Since I am really not well versed on Greek finances, I’ve been looking at the numbers. The bottom line is that debt forgiveness will help the Greeks, but not by a whole lot this year. They just do not have a lot of money to spend.
Greece needs to make interest payments of 2.9% of GDP in 2015, assuming zero growth. It also needs to make principal payments worth 8.6% of GDP. Greece will receive payments from the ECB via the Outright Monetary Transactions program (formerly the Securities Market Programme) worth 2.2% of GDP.
Upshot: unless there is growth in tax revenues (good luck) the country will have only 0.5% of GDP to use for stimulus. (1.2% primary surplus + 2.2% from the ECB − 2.9% interest = 0.5% total balance.) That assumes that all of its principal due is rolled over or refinanced.
On the other hand, the Greeks still do not have a whole lot of room for manuever. A full default would net them only 1.2% of GDP and even that would depend on default being orderly. Moreover, their primary surplus jumps around a lot, so they will still need a lot of short term borrowing to keep the lights on.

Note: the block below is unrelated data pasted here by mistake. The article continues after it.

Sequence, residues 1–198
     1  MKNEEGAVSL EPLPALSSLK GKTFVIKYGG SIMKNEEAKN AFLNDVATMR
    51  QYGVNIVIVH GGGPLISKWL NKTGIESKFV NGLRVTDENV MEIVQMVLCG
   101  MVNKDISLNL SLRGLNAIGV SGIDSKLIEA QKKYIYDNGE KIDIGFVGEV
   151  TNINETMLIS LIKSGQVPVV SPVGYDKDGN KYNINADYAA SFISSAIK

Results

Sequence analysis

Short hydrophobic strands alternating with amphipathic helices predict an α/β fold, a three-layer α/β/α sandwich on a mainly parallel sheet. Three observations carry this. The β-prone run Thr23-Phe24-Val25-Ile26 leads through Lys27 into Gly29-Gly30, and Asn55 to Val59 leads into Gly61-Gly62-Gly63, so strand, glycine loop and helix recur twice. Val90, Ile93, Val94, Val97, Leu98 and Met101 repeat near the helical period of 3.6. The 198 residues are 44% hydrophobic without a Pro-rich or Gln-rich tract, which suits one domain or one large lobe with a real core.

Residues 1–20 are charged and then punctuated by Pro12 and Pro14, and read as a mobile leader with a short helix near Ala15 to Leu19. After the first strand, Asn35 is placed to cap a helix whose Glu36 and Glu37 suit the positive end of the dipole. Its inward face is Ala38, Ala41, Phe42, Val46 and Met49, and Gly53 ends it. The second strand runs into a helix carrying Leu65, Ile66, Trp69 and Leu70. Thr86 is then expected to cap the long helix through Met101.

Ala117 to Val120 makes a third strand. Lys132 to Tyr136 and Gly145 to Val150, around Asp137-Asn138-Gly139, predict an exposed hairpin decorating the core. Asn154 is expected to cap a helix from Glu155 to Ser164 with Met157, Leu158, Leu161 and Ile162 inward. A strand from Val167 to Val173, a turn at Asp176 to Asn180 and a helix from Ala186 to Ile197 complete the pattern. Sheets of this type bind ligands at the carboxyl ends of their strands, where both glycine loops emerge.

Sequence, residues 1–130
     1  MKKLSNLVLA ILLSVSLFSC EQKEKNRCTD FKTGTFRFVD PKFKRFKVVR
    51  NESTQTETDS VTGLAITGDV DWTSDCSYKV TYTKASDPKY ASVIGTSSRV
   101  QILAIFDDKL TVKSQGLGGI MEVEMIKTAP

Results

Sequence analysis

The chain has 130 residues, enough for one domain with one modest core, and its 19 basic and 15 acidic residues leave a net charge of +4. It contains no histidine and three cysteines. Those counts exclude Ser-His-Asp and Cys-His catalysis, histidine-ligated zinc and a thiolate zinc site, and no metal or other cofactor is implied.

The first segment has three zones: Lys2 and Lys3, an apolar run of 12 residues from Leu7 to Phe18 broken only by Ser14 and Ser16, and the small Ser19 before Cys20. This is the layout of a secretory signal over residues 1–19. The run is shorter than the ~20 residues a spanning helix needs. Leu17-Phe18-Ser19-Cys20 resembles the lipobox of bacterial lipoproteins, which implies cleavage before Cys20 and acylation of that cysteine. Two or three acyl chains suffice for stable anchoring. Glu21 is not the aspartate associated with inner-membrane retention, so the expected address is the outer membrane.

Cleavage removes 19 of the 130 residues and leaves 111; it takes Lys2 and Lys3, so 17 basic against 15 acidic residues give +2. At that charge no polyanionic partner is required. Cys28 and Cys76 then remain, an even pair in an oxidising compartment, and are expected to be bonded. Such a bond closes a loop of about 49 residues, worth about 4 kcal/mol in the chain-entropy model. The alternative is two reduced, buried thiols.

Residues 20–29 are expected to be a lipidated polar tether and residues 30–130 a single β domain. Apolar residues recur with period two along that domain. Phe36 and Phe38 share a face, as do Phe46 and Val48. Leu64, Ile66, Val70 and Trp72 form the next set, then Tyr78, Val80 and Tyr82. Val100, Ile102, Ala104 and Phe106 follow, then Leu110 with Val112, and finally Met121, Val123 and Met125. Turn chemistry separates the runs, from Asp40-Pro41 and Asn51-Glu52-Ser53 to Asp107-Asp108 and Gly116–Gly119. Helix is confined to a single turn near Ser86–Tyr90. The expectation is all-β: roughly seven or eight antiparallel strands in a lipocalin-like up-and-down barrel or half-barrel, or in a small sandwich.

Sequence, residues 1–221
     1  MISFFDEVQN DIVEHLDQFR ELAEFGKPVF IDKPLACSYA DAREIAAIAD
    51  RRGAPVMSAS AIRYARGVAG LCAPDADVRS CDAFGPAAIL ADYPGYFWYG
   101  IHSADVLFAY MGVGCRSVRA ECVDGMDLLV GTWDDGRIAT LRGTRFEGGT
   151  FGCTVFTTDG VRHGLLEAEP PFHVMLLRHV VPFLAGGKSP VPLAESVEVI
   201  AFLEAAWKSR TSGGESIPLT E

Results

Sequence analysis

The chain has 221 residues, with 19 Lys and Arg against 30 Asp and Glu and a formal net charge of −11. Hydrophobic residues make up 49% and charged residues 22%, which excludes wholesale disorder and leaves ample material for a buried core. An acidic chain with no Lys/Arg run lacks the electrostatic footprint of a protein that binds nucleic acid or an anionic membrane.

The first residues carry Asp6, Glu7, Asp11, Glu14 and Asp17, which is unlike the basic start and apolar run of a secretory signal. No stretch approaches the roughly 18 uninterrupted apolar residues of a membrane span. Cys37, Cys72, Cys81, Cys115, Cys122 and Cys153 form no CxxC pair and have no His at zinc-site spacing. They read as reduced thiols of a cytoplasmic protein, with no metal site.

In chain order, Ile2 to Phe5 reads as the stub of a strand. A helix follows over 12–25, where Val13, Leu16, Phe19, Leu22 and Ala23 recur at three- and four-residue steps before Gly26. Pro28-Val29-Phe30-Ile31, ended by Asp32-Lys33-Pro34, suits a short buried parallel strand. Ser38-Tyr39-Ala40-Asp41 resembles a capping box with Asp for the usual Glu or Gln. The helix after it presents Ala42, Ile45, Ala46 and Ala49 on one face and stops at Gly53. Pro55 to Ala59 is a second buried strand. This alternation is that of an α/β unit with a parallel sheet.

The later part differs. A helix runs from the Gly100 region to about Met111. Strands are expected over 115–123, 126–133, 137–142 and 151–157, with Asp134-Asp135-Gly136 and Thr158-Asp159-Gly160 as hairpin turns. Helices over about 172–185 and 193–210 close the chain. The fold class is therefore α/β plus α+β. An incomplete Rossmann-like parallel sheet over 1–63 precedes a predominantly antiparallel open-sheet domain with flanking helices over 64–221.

In numerical terms, the whole battle is over 0.7% of Greece’s GDP.
Of course, that isn’t really the battle. The Greeks want two things (1) independence from Brussels/Frankfurt/Berlin and (2) avoiding the further spending cuts and tax hikes that the troika wants for this year. Much more austerity would be needed to hit the 3.0% primary surplus the troika demands for 2015.
It would seem to me that it would not be terribly hard for the Germans Europeans to relax the austerity targets for this year and next. No need for write-downs or anything that would disturb a cranky German voter. In fact, it would seem to be easy to concede 0.7% of GDP to the Greeks in a way designed to avoid offending German sensibilities. But instead we are in full fire drill mode. Why? Is the answer really only that the Greeks have been too loud about asking?